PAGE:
Dictionary.com listed more than a dozen definitions of wave on the site, so I picked the two that made the most sense in this context. A disturbance on the surface, a swell, back and forth or up and down movement. There is untamed power in the foamy wave’s crash on the beach, and maybe there’s something soothing in the repetition. The motion is consistent. Forward and back. Forward and back. Powerful advance…followed by retreat. I don’t want to be known for that kind of life. I want to be known for a life that moves more forward than back, one that progresses and matures. No one really wants the life characterized by fear at the sight of a little conflict, or the one that languishes and dies. The only retreat I want to be known for is something like Luke 5:16 (withdrawing to spend time alone with my heavenly Father).

No, I’ll take the little splash that leads to the ripples on the surface. The beauty of it is that there is a specific cause and effect. In my case, it’s Truth causing a disturbance in the surface as it hits. It doesn’t seem like a lot of power, but it travels outward, impacting the water in every direction. Truth advances outside of my small world, and it’s a matter of simple hearing and living according to the truth I know—sometimes sharing with words.

Thanks for reading along. This post is a rewrite of an older one, and I like it so much more this time around. I hope you enjoyed it. Water is a theme in my life much of the time.

~j

Remembering with Purpose

Do you wonder how a collection of my memories could be useful in your life? I’ve walked circles around that question and come to a sweet pause—the path diverges right there. I’ve gawked at the train wrecks in my storyline, captivated by the damage and long-term consequences. That never led to healing, transformation, or victory. The myopic perspective emptied the story of any sweetness, light, or power.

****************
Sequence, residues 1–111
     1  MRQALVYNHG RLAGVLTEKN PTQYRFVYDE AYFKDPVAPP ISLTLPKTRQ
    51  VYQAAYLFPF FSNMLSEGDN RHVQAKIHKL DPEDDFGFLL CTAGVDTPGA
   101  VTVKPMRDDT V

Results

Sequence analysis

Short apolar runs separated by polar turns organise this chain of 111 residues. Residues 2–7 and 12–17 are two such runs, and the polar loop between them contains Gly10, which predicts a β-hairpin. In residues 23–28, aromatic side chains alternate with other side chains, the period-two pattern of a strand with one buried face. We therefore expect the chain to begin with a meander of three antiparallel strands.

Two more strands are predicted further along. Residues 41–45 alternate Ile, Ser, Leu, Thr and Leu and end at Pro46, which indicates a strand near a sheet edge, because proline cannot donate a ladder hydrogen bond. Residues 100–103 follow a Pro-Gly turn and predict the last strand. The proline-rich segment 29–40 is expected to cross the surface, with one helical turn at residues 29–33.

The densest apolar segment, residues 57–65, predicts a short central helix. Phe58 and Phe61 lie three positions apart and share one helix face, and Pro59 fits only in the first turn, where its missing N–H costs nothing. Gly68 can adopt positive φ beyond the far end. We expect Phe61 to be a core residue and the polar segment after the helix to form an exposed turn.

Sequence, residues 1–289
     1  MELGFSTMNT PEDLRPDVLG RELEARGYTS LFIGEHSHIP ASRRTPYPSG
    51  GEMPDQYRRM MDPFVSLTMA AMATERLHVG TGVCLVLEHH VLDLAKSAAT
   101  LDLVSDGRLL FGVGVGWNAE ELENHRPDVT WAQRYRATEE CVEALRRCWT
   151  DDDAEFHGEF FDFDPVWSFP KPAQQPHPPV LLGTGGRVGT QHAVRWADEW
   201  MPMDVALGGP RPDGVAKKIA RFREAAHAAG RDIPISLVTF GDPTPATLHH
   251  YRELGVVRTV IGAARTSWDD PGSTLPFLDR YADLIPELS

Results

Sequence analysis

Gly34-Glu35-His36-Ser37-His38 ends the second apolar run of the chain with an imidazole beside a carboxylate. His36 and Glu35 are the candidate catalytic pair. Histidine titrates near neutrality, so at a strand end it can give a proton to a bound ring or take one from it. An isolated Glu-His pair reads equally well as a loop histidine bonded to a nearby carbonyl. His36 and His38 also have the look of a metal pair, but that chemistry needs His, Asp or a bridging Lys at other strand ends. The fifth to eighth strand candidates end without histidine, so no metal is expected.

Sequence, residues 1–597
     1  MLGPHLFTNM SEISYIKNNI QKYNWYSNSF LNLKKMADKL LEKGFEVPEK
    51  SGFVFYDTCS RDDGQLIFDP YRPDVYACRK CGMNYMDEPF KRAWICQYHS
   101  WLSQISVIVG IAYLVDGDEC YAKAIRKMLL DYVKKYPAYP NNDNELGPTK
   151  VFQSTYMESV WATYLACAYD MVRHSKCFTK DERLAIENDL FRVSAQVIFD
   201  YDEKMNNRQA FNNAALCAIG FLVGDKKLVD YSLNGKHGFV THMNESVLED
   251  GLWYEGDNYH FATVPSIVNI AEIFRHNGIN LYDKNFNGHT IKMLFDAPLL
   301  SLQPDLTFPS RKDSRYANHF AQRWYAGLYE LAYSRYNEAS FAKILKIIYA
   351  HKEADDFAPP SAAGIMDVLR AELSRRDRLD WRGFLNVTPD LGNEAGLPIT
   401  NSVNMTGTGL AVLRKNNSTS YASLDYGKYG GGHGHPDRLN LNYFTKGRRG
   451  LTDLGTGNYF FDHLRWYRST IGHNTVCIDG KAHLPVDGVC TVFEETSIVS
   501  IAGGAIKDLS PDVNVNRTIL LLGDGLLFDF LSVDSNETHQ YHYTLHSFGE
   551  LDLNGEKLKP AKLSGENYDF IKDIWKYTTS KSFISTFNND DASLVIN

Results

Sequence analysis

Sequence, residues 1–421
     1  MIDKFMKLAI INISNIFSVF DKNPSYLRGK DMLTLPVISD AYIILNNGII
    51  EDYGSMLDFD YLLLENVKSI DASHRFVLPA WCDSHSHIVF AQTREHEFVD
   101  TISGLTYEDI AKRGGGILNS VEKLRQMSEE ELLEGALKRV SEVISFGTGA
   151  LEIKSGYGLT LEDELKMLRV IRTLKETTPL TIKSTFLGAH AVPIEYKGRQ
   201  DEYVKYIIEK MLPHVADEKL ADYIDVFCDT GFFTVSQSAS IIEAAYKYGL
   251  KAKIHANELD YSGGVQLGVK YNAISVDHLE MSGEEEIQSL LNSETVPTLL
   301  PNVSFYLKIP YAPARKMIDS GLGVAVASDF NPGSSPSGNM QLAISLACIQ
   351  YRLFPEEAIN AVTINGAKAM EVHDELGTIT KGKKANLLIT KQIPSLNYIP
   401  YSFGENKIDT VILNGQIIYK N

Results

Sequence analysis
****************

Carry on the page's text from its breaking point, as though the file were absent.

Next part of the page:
Story is powerful. We can experience refreshing, exhilaration, and even healing when we take time to read about others’ victories and deep soul transformation. How much greater the impact when the story reveals the presence of the Lover and Rescuer of the soul through the highs and lows! During the good, bad, and desperate moments in our lives it takes special eyes to see Him. (He is there, I promise.)

For me, to lean in or not to lean in; that’s the question!

Today I’m thinking about my story in a little coffee shop in Iowa. (I love to write in little, caffeinated hidey-holes.) The opportunity to share the beautiful plot twist written into my story by the Author of faith sprawls in front of me, and I’m taking it.

When I sat with little vignettes and tried to capture them, the purpose emerged from the shadows. I remembered details, but I took extra time to find three things: the power in the memory, the plans of the Enemy, and the presence of Jesus. These three pieces are important to the transformation that follows. They are also common elements in every story. Mine. Yours. Everyone’s.

Then I began to think about two questions that have the ability to shift perspective on nearly any life story.

What do I believe about God based on what has happened to me?
What is true about God based on what is written in Scripture?

Something settled in my soul in those two questions. I almost heard and felt Kachunk! in my spirit. These questions begged to be answered, and I understood why. My perspective about God is critical. It’s only in relationship to Him that I can understand some of the story details, events, and characters. I may never understand the hows and whys in my story in this life, but I have no hope of a healthy viewpoint or healing without God.

I hope you’ll have keener insight into your own story after reading White Wave Crashing. When my eyes took in the scenes of my life at a glance, I overlooked the presence of Jesus. I was angry He overlooked the indelible ink falling to the pages of my life. Was He invisible? Unconcerned? (The answer is, “No!” but it took time to discover that.) I hope you find that to be true as well. He loves us. Deeply. And He wants to sit with us in the exuberant joy, the deep sorrow, and the painful grief.

When you begin to remember, I hope you’ll find healing for your soul, too. There is victory over the enemy of our souls when we step forward and tell of the things God has done.

I’d love to hear your thoughts on remembering…and its purposeful place. Share below or at my  Author Page.

Blessings!

~j